Yago: What kind of organizational leadership is needed to fight efficiently against oppressive energies (enslavement) within organizations?

Lynn: I think that leaders are needed who are accountable to others within and without the organization and institutions. In order to fight the forces of organizational oppression, leaders should both act in good faith and trust within the organization and have processes in place to hear voices from all perspectives. Persons need to be able to make decisions that affect them within the organization. The added piece is that individuals must have the personal and emotional ability to leave the organization if it begins to feel oppressive. That is not always the case and it particularly is not the case in situations and countries where there are not the economic resources and security to do so.
CJP Logo

Yago: Thanks Lynn for your honesty and interesting insights shared so far. In your current position serving as executive director of the Center for Justice and Peacebuilding (CJP), could you share with us the vision of this educational organization?

Yago: CJP offers a graduate program in Conflict Transformation. Could you explain to us why the term transformation is so important as it outdates the concept of merely resolving conflicts?

Lynn: We believe that conflict is a normal part of life as an individual, organization, community or beyond. Conflict can lead to increased cycles of conflict or even violence; or it can be the opportunity for creatively working toward change in a very positive manner.

Thus learning about conflict transformation helps the person analyze the conflict and develop theories and methods of change so that there is a healthy process of healing and building community. Our program is for practitioners who want to both learn skills and reflect on the theory behind what they do as peacebuilders. Transformation for us also begins with personal transformation—how to move from caring about ourselves to caring for the community and the common good. So our program allows for the opportunity to do the academic work, but hopefully also to look at personal transformation as part of the process of becoming effective peacebuilders.

Yago: What is CJP’s strategy to achieve its vision? Could you share with us the fundamental purpose (mission) of CJP?

Lynn: At CJP we aim to educate and train a global community of peacebuilders through the integration of practice, theory and research. We have been blessed with very experienced and gifted faculty and staff. Part of our work is to ensure that students’ life experiences are applied in a reflective way to their academic pursuits.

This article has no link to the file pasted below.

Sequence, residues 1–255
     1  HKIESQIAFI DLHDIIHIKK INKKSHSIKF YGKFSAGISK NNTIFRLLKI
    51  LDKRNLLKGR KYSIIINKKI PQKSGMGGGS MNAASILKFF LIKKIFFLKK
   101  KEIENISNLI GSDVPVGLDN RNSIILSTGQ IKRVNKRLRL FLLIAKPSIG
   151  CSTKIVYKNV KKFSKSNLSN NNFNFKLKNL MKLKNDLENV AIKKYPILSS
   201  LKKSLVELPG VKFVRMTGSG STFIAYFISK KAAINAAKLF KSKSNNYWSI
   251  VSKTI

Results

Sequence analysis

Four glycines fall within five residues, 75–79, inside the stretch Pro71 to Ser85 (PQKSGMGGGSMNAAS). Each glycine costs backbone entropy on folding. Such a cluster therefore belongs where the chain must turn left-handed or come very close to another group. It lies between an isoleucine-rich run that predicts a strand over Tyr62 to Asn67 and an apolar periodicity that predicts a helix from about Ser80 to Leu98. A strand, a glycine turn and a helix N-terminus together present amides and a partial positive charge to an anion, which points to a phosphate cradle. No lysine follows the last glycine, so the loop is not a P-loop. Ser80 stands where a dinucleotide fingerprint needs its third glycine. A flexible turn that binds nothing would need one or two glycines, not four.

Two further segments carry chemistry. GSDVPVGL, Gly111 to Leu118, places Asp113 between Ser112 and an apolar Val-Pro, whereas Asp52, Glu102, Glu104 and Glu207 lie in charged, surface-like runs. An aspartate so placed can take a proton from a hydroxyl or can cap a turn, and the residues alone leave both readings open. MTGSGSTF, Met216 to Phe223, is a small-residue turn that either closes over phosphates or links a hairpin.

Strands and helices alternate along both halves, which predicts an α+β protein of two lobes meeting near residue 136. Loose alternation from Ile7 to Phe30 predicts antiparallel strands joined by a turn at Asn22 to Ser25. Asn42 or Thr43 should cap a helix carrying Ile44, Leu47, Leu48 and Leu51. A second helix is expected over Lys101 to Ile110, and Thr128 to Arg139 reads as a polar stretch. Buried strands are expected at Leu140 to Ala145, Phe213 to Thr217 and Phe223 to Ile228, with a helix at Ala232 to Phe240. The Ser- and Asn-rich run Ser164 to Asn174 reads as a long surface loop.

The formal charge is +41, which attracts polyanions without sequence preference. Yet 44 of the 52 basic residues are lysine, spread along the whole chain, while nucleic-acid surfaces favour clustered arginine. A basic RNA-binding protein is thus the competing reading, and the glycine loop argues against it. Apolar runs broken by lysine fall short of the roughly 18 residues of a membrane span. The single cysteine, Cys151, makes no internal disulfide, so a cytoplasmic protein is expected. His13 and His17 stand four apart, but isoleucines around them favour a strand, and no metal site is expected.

Therefore, our goal is to prepare practitioners who will engage in peacebuilding in whatever conflict situation they find themselves in. Today we have over 400 graduates of our program playing key peacebuilding roles around the world. Our goal is to engage these graduates plus the thousands of others who have been involved in programs like SPI and STAR to develop “feedback loops,” so that the practice that they are involved in day to day feeds back into the classroom through research, writing and consultation. In that way we are really working at integration of practice, theory and research as an institution. 

Yago: CJP stresses the need to be reflective practitioners. Why is the integration of practice, theory and research so important?

Lynn: As a peacebuilder it is very easy to be busy and react to the immediate issue. Most helping professions never run out of the urgent needs that have to be taken care of. We believe that results in “burn out” and ultimately ineffective service or ministry. To take time to be reflective and make that a regular part of our work is essential. Otherwise a peacebuilder may end up doing more harm than good. Part of this is having the theory behind what the peacebuilder is doing, so that they have concepts that they can reflect on and guide them as they work.  The other part is to actually know yourself and what makes you enter this work and how you can sustain the work in a resilient manner.

Yago: What are the key values and beliefs that are shared at CJP?

Dirk Willems 1569. Martyred Anabaptist who is most famous
for turning around to rescue his pursuer.

Lynn: Our values at CJP grow out of our Anabaptist Christian traditions and commitments. Non-violence, right relationships and creating just communities are critical to this commitment. In order to create community, we try to practice hospitality in order to welcome a diverse group of peacebuilders to the CJP community. In order to work at building a diverse community, we attempt to foster respect across faith traditions, cultures and worldviews. Hopefully this is not just respect but also continued learning and personal change. This is the personal and social transformation that we believe is so critical to being an effective peacebuilder. Traits like human dignity, interdependence and mutual accountability help in that community building and transformation process. Obviously we are human and don’t do always live out these values very well, but that is our vision and goal.   Doing this well is a way to naturally address violence and oppression, including the issues that are represented by historical and modern day slavery, because those issues are present among us and in our work.